The Medicaid DSH program was intended to function as a joint effort of the states and the federal government in assisting DSH hospitals. As discussed in Chapter 1, states are required to designate certain hospitals as DSH but have considerable flexibility to tailor the program to state needs and priorities. Each state generates its own funds, which are then matched by the federal share of the total state DSH money according to a fixed percentage (FMAP). Each state has its own allotments (or caps) on the total amount of DSH money it can pay to hospitals, on the maximum federal share in this total amount (federal matching funds), and on some aspects of the distribution of state Medicaid DSH funds.4 A state's actual DSH payments cannot exceed the allotments established by statute. It is commonly recognized that the states often use the Medicaid DSH program not only to finance hospitals serving a disproportionately large share of low-income patients (the program's direct purpose), but also to secure additional federal funds for the state budget. To evaluate the effect of the program on the financial positions of hospitals, we need to understand the underlying composition of total Medicaid DSH funds. States often finance their share of Medicaid DSH funds by obtaining money from the hospitals themselves. In a simplified example, a hospital may provide $100,000 to a state to finance its DSH program. If the state's federal matching percentage is 50%, the state will then receive an additional $100,000 from the federal government in matching funds. Although the total state DSH payment back to the hospital will be $200,000, only half of this amount - the federal share - would represent new money for the hospital.
There is also a possibility that the state will pay the hospital only some share of the federal funds (for example, $60,000, or a total of $160,000). The rest of the federal funds the state may use as DSH payments to other hospitals or it may retain them for other purposes. We call any retained funds (which are gains to the state) residual funds, following the terminology used in Coughlin and Ku (2000).5 In addition, for the state facilities receiving some new DSH, the state may reduce other financial assistance (not related to the DSH program). As a result, there is a possibility that only the federal share of the DSH funds to non-state facilities may in fact represent new funds to facilities from the DSH program.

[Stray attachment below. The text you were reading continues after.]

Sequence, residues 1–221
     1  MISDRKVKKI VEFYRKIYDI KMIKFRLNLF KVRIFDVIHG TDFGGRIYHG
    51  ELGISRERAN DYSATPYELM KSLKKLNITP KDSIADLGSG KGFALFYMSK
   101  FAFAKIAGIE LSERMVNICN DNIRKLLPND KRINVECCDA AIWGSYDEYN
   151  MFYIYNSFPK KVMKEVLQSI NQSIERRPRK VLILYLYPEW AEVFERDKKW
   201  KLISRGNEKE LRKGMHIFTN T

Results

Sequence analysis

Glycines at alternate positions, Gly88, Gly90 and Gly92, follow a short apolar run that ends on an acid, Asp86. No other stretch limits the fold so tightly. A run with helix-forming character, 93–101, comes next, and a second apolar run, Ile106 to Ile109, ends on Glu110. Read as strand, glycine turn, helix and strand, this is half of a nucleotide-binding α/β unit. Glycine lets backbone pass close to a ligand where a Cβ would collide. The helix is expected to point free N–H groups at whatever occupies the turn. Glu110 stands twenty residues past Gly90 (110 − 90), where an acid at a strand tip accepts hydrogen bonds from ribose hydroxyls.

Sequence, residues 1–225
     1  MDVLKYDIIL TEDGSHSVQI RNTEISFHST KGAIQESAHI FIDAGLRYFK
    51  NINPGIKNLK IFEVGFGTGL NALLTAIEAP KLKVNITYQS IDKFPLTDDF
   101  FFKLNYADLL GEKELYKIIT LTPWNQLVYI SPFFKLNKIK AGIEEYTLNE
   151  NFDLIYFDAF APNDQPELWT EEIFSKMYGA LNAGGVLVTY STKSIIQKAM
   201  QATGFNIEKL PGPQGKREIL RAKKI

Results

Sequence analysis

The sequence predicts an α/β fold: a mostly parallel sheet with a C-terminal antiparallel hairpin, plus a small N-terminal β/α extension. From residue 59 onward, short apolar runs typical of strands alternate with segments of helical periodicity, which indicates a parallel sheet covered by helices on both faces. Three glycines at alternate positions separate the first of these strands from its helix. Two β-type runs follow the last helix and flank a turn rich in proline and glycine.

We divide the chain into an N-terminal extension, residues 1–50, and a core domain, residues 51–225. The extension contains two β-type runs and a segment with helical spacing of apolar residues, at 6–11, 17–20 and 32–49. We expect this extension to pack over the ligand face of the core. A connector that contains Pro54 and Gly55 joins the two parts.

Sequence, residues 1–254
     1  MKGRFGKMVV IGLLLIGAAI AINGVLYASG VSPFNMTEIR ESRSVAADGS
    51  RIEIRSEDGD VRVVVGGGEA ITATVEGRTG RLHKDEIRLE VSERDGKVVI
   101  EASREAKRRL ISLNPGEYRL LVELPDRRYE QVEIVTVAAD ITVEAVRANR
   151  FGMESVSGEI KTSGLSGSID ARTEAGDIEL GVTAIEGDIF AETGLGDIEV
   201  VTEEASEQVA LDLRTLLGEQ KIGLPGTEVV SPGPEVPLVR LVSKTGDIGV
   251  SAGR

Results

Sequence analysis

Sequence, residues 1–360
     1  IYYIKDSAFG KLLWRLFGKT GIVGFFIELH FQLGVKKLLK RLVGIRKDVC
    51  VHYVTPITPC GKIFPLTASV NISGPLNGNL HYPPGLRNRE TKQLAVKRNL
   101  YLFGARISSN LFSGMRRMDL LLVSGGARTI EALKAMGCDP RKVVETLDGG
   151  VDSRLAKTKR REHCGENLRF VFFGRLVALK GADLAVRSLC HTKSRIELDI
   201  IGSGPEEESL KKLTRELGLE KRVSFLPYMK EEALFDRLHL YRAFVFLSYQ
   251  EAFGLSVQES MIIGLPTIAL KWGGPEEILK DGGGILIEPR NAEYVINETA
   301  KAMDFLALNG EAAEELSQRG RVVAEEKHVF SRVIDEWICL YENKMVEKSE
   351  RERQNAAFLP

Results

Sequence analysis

4. One such distributional issue is the cap on DSH money that states can pay to their Institutions for Mental Disease (see discussion on Table 4.3).
5. The retained funds are not eligible for FMAP.
The hospital-specific Medicaid disproportionate share hospital (DSH) payments for this analysis primarily came from state reports submitted to CMS. As of May 2001, CMS had received at least one report for either FY 1998 or FY 1999 from 46 states and the District of Columbia. Two of the four states that were not included, Hawaii and Tennessee, do not have Medicaid DSH programs and therefore do not submit reports. The other two states, Georgia and Ohio, provided hospital-specific data directly to us upon request.
General Approach. To assess the validity of the hospital specific data, we compared total spending included in the CMS reports to DSH expenditure data reported by the states in the annual Financial Management Reports (HCFA-64). We also checked total expenditures from the hospital specific reports against the states' DSH payment limits established in the Balanced Budget Act (BBA) of 1997. To merge the Medicaid DSH payment data with our estimated Medicare DSH payments, we identified hospitals in the Medicaid reports using their Medicare provider numbers. Only two states, Michigan and North Carolina, put Medicare provider numbers on their hospital specific Medicaid DSH reports. We used the CMS On-line Survey and Certification Reporting System (OSCAR) and Provider of Service (POS) files, as well as AHA on-line Hospital Directory (www.ahd.com) to match hospital names in the Medicaid reports with Medicare provider numbers.